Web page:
Unlike other mammals in the wild that are born ready to go, human babies are pretty useless. The BBC reported that “we have evolved as a species to make nurturing them one of our priorities… [to ensure] the survival of the vulnerable infant and the passing on of knowledge.” Scientists believe that by tapping into these ‘nurturing instincts’, our performance of perceptual and motor tasks is improved as babies require your brain being on pretty much constantly.

Studies have demonstrated that as cute animals tend to have similar features to babies – such as big eyes, chubby cheeks and itty bitty noses – they summon the same response, which is probably why the internet seems to be obsessed with cat videos.

So in short: if you are in a social media rut, share something cute and your followers will be gushing, glowing and most importantly, engaged.

Cute cats

Partner with credible people

Partnering with credible people does not mean you need to seek out the closest attainable celebrity for endorsement, but rather you should try to associate yourself with already established and trusted brands. You can accomplish this by using your social media platforms to support and communicate with other companies.

Another method is to build relationships with authority figures and influencers in your industry and develop an actionable strategy that works for you both. We emulate those who we admire, so find out who your audience idolises and use them as a brand ambassadors to promote your products.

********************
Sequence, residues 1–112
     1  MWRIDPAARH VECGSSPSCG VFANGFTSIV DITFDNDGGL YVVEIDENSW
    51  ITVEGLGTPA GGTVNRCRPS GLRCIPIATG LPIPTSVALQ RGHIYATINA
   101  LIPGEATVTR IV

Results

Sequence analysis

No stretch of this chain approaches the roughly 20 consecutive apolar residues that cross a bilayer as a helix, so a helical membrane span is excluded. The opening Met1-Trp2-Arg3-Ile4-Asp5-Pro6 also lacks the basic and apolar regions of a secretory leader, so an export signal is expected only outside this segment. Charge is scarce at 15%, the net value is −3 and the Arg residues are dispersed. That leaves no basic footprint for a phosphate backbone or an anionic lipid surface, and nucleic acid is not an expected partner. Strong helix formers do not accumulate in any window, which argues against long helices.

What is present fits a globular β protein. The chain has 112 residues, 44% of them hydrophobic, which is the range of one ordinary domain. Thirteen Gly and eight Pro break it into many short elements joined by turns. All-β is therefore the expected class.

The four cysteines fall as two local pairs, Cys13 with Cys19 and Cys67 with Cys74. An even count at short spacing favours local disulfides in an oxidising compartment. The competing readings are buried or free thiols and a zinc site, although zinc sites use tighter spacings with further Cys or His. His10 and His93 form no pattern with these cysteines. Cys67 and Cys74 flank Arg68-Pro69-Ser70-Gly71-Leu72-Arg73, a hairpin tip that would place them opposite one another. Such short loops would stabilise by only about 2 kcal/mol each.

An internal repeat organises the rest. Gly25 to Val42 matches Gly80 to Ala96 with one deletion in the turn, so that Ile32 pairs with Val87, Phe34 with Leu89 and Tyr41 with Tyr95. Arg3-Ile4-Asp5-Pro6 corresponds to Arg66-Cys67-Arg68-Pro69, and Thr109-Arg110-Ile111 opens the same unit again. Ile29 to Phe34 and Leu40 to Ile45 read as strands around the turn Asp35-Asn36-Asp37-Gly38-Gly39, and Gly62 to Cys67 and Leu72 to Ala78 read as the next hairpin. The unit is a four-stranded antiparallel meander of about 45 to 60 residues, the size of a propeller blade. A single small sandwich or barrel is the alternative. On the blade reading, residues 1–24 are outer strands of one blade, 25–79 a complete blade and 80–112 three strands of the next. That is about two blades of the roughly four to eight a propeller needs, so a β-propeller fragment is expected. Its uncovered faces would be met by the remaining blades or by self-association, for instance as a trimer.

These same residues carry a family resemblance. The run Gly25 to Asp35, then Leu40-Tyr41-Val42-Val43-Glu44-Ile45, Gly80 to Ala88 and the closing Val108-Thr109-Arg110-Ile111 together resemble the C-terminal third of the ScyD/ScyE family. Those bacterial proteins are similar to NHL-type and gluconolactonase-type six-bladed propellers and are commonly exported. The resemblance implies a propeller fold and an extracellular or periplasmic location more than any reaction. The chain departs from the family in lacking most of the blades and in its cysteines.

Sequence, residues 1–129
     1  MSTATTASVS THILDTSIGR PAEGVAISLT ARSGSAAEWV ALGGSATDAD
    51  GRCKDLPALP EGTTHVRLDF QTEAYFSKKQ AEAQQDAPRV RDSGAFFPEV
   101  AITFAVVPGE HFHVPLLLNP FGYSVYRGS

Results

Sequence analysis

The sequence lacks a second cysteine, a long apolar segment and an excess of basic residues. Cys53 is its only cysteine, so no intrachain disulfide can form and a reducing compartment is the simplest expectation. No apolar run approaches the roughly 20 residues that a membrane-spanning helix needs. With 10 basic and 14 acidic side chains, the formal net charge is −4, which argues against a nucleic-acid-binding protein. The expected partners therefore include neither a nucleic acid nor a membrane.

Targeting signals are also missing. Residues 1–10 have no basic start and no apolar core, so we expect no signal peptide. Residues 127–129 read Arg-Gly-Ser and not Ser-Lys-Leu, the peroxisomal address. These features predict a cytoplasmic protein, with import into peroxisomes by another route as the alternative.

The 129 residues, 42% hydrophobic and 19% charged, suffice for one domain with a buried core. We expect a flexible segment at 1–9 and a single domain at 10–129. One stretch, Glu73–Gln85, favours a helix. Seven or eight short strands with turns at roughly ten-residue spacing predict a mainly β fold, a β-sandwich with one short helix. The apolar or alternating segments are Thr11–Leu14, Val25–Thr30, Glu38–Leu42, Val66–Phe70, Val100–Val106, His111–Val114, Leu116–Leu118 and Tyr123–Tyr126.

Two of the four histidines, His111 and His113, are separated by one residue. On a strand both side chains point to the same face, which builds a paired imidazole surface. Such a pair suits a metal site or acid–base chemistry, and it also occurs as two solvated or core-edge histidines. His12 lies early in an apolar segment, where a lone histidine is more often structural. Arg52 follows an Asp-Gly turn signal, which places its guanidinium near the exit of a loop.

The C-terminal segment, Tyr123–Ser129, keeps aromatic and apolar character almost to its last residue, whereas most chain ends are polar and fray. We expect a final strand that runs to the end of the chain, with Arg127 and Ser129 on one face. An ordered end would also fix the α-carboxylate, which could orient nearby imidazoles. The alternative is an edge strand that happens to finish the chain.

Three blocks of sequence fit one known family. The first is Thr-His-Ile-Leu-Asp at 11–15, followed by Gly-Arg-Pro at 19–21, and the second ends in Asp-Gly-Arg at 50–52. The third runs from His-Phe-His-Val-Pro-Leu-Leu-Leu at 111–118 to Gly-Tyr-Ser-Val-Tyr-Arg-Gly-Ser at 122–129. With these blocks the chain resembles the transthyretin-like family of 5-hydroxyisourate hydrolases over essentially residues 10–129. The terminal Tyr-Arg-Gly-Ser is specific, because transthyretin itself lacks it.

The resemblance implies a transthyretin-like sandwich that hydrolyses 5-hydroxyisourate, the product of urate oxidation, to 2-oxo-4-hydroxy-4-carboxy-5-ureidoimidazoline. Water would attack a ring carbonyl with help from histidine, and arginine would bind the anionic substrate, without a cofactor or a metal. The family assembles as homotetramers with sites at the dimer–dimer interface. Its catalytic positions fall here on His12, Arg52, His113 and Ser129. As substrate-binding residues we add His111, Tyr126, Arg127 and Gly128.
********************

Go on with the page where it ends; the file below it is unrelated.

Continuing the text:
Audiences respond much more to recommendations from trustworthy individuals over marketing jargon. Take the fashion blogging industry for instance. Brands pair themselves with high profile individuals and exchange free products for reviews and exposure on sites such as Instagram and Twitter. And it works – why else would the Kardashians be everywhere?

Social psychology theories such as conformity and social proof highlight this trend further, but if you are wary of seeking out endorsements, ‘the Halo Theory’ could be for you. The theory essentially states that humans have a cognitive bias in which our overall impression of a person or brand influences feelings about that entity’s character and abilities.

Ergo, if you consistently create intelligent, thought-provoking content you will begin to develop a reputation for it. Your audience will be propelled to believe that you excel at other things as well (which of course, you do!).

Give them something

The theory of reciprocity suggests that by giving someone something, they will be naturally inclined to return the favour. One study conducted by Cialdini found that waiters who gave their patrons a mint along with their check received a 3.3% higher tip. If the server gave them two, the tip was likely to go up by 20%.

Reciprocity highlights the give and take relationship that humans share and that brands must emulate. You can incorporate this into your social media strategy through give-aways, competitions and small gifts like discounts. Competitions such as ‘like this post and be in with a chance of winning X’ are popular and effective as people are often happy to promote brands in the hope of gaining something in return. Come up with an offer that they are likely to share with both real-world and virtual friends; get them excited.

These tips may be less like Derren Brown and more like clever marketing, but there are no cheap tricks or short cuts that can replace intelligent strategies and original content. Collaborate, communicate and connect with your audience and you will build loyal relationships that will last far longer than a hypnotic trance.